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Is the grass always greener on the other side?

Matt Oliver, NLA Public Affairs Officer, on more evidence to suggest rent controls simply aren't the answer.

Matt Oliver, NLA Public Affairs Officer, on more evidence to suggest rent controls simply aren’t the answer.

Today’s publication of the interim report from LSE, commissioned by the NLA  debunks the myth that rent control is a golden bullet, easy to implement and guaranteed to work in the UK.

The launch comes on the day that the four Labour candidates aspiring to be leader (and potentially our next Prime Minster) go head-to-head in a live TV debate.  The Private Rented Sector (PRS) and housing is going to be top of the agenda, especially as Labour’s London Mayoral candidates are all advocating some form of rent control in the Capital as they pitch for votes in their separate election primary.  This is all despite the fact the Mayor has no such powers to implement such a scheme.

Rent controls are non-transferable policies

When it comes to the PRS, LSE’s report shows the grass definitely isn’t always greener. For example, the model cited for the policies advocated by Labour during the election was Ireland but, as the report concludes, the controls introduced in the last few years have had very limited effect.  In fact the country is experiencing a housing crisis, with rapidly rising rents and a near-standstill in new housing production.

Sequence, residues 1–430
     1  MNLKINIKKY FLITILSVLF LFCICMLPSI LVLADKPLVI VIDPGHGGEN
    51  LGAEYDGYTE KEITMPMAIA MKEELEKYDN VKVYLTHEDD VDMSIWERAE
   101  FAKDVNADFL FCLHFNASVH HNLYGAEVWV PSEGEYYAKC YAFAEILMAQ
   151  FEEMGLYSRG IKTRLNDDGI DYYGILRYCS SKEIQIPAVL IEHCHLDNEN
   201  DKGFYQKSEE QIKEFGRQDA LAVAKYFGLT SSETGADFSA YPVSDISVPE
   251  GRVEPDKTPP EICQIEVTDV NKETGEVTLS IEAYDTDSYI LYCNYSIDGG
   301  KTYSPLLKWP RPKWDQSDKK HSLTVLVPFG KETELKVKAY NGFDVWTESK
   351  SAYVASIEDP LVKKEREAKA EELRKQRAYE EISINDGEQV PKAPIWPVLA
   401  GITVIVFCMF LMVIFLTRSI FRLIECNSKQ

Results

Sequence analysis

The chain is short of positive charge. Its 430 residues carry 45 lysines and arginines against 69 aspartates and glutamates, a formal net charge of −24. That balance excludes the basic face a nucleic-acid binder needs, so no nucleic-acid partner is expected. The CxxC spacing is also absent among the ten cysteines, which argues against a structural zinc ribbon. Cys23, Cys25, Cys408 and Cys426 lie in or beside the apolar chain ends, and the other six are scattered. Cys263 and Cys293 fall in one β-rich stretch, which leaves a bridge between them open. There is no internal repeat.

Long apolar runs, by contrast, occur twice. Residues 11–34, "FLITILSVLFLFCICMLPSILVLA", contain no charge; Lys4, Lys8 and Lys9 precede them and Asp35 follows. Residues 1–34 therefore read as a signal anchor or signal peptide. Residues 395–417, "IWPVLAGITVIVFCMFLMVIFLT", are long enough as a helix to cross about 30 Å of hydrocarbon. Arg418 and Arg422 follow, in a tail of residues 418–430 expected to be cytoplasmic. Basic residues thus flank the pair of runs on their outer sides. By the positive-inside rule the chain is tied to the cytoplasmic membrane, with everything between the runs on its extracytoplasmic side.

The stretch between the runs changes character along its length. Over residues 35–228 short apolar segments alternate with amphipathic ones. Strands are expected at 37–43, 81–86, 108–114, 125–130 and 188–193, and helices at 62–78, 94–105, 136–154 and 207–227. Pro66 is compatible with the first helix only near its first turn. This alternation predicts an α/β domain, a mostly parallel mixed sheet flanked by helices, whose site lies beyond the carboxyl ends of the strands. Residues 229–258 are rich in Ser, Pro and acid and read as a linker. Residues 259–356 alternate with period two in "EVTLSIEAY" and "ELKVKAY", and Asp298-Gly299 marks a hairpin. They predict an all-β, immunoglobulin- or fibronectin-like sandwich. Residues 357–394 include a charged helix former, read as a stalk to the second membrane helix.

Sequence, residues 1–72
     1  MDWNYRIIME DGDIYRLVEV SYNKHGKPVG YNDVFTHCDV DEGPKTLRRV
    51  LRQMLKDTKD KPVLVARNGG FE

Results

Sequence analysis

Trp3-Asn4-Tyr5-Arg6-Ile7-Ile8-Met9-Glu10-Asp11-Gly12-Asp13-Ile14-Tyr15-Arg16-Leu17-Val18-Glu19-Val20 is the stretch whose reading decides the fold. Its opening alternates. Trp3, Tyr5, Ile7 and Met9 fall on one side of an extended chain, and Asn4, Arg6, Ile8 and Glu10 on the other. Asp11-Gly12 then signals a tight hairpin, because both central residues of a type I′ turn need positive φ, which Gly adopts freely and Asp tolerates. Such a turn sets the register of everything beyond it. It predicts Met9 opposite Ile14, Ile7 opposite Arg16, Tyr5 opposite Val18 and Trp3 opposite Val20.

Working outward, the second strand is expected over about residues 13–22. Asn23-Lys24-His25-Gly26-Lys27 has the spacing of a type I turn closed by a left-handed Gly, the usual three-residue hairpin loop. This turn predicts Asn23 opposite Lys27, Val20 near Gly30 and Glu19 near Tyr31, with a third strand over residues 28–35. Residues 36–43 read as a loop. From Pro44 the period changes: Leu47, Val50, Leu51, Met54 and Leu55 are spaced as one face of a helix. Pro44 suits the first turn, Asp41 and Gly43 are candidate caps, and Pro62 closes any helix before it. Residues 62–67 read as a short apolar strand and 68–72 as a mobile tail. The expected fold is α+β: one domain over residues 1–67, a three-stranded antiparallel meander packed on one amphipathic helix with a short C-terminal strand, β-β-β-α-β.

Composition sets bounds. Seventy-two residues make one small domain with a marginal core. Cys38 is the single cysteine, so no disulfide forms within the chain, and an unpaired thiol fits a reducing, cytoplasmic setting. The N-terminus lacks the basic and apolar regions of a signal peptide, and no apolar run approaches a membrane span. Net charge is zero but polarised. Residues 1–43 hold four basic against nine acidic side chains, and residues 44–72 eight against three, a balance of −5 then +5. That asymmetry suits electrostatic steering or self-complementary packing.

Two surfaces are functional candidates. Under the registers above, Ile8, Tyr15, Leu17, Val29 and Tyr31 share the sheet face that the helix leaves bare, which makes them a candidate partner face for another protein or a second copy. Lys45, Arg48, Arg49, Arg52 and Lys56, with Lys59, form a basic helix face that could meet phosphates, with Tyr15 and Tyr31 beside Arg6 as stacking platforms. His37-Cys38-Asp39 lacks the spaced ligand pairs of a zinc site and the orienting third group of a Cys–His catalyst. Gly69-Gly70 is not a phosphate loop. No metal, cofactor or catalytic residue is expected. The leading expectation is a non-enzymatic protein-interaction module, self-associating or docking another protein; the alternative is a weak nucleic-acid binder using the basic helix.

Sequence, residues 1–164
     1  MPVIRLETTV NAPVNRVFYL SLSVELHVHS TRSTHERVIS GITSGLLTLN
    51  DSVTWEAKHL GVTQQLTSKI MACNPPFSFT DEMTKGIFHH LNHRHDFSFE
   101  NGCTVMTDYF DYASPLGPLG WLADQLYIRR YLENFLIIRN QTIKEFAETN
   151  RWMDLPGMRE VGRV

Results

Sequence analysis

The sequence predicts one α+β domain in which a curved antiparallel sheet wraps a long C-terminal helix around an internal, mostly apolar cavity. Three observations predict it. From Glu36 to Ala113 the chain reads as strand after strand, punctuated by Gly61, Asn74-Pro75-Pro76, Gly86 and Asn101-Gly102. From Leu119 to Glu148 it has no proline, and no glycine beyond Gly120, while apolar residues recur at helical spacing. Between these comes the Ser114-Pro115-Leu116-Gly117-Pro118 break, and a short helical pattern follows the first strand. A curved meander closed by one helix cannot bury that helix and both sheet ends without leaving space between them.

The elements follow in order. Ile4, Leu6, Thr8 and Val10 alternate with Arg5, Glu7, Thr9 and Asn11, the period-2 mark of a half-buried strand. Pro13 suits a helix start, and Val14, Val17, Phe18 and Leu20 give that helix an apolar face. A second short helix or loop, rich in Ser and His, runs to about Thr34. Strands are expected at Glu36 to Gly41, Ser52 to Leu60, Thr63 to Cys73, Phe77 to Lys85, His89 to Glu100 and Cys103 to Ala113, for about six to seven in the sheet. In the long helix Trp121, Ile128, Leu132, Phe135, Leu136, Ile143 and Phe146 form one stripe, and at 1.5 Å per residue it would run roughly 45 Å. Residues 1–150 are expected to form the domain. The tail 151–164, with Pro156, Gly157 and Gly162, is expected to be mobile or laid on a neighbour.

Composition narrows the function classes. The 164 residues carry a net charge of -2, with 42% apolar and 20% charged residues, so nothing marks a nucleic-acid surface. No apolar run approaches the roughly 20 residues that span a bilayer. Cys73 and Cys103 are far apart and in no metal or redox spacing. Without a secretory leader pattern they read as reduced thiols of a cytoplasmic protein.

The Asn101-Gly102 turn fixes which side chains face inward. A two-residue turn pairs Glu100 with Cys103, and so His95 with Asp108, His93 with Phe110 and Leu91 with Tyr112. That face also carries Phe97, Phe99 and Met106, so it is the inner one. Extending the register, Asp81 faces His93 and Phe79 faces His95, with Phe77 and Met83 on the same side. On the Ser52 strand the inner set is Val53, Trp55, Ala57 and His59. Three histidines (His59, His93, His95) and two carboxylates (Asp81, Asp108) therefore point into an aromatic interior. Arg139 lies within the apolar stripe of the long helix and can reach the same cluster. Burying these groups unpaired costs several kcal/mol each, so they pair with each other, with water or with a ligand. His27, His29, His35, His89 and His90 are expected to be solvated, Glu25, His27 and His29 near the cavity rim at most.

Ah, but what about Germany?

Yes of course, Germany. This is often cited as the best example of a country with a stable PRS, yet LSE’s report found that the system of indefinite security and in-tenancy rent stabilisation has in the past been cushioned by low house prices and demand, something we don’t have here, whilst initial rents can be well above current market levels in high-demand areas. Meanwhile in San Francisco and New York it looks like the main beneficiaries of interventionist policies are older middle class households, with the young hardly getting a look in.

What’s the moral of the story?

Well, in a nutshell: rent controls sound great on the surface but the evidence points to the contrary. The NLA is a strictly neutral political organisation.  However, as Labour members listen to these proposals for the PRS and contemplate choosing their third leader in eight years, much like some do with Tony Blair (the only Labour leader to win three successive General Elections), they will remember that you often don’t know what you’ve got till it’s gone.

*LSE’s final report, due to be published later this year, will examine London in more detail to see specifically how renters in the Capital would be affected by various proposals for change.